Increases in precipitation variability, coupled with higher temperatures, will lead to greater frequencies of severe, prolonged droughts for many regions with the expectation of attendant increases in woody plant die-off events. We took advantage of a 2-yr extension of a severe drought following an initial study of woody plant dieback in a woody-en...
Article
Summary 1. Management intervention in ecosystems with degraded environmental services requires innovative resource management strategies that go beyond conventional restoration and conservation practices. We established a unique study that experimentally targeted extreme fire conditions during drought in humid subtropical and semi-arid ecoregions....
Article
Full-text available
•Due to woody plant encroachment and seeing the need for fire on their lands, private landowners throughout the southern Great Plains have started forming prescribed burn associations (PBA) to assist each other with conducting prescribed fires.•Members of PBAs work together by pooling equipment and other resources, organizing training opportunities...
Article
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Non-native plant invasions and changing management activities have dramatically altered the structure and composition of forests worldwide. Invasive shrubs and fire suppression have led to increased densification and biomass accumulation in forest ecosystems of the southeastern USA. Notably, Chinese and European privets are rapid growing, shade-tol...
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In ecosystems with alternative stable states, restoration success can be thought of as overcoming the resilience of an undesirable state to promote an alternative state that yields greater ecosystem services. Since greater resilience of undesirable states translates into reduced restoration potential, quantifying differences in resilience can enhan...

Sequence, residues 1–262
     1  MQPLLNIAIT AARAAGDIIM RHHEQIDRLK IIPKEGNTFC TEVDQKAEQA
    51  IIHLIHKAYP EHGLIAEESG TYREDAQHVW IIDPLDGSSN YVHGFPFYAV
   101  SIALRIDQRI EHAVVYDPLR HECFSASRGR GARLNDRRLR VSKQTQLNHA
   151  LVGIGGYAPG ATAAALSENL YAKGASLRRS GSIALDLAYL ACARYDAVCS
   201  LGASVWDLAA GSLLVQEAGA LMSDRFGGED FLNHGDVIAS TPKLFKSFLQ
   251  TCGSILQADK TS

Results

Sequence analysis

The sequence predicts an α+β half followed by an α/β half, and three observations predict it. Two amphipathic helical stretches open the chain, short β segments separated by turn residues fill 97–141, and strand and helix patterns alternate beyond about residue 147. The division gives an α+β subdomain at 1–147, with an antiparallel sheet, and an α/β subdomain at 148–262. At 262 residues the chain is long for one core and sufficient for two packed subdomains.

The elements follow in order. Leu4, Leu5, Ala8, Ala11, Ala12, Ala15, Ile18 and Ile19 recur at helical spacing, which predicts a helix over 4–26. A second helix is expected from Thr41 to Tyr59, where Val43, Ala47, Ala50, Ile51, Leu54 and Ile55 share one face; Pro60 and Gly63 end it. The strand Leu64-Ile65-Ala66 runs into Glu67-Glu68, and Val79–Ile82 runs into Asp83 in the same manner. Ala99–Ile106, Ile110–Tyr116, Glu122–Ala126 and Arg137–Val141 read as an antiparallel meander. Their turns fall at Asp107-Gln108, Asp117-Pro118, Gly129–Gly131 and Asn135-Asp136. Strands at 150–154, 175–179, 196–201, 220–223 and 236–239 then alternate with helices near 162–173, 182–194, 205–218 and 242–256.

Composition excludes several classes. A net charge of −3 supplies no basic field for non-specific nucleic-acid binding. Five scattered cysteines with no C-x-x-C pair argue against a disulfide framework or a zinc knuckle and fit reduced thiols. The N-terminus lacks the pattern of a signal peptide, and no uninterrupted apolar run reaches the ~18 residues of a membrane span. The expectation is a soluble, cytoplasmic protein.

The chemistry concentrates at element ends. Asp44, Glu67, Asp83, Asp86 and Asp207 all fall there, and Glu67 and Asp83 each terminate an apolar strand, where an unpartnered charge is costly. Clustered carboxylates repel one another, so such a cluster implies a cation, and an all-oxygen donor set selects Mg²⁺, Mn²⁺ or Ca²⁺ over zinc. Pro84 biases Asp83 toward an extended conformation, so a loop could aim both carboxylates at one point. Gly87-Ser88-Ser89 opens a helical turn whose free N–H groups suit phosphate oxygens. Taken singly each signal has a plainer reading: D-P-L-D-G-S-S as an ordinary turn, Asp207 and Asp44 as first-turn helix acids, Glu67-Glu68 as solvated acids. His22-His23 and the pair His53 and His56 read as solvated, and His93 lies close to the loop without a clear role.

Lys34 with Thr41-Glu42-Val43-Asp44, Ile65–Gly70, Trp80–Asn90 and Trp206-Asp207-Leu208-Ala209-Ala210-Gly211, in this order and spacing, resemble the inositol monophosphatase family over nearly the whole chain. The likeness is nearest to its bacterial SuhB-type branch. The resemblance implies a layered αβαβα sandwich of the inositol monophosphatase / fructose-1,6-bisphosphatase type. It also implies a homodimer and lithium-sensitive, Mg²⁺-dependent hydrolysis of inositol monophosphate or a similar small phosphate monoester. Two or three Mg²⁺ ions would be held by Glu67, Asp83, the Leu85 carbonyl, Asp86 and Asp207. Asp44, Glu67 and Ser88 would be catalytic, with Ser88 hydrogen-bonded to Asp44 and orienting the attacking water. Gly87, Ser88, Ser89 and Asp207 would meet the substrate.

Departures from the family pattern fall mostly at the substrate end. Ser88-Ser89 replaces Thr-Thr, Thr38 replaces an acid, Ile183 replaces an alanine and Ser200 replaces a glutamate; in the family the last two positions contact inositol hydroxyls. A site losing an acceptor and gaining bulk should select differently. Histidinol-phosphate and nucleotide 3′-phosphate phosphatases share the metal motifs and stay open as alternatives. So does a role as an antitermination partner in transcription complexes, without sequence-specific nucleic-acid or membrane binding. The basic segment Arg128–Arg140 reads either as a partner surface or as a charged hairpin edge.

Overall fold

Article
In ecosystems with alternative stable states, restoration success can be thought of as overcoming the resilience of an undesirable state to promote an alternative state that yields greater ecosystem services. Since greater resilience of undesirable states translates into reduced restoration potential, quantifying differences in resilience can enhan...
Article
Full-text available
Fire is widely recognized as a critical ecological and evolutionary driver that needs to be at the forefront of land management actions if conservation targets are to be met. However, the prevailing view is that prescribed fire is riskier than other land management techniques. Perceived risks associated with the application of fire limits its use a...
Article
Resistance to the use of prescribed fire is strong among many private land managers despite the advantages it offers for maintaining fire-adapted ecosystems. Even managers who are aware of the benefits of using prescribed fire as a management tool avoid using it, citing potential liability as a major reason for their aversion. Recognizing the impor...
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Full-text available
Concerns regarding the long-term viability of threatened and endangered plant species are increasingly warranted given the potential impacts of climate change and habitat fragmentation on unstable and isolated populations. Orchidaceae is the largest and most diverse family of flowering plants, but it is currently facing unprecedented risks of extin...
Conference Paper
Background/Question/Methods Developing effective restoration techniques for coastal prairies degraded by woody encroachment and invasive introduced grasses requires an understanding of two fundamental ecological processes: fire and grazing. Prescribed fire and grazing are recommended for suppressing non-native species that are functionally distin...
Conference Paper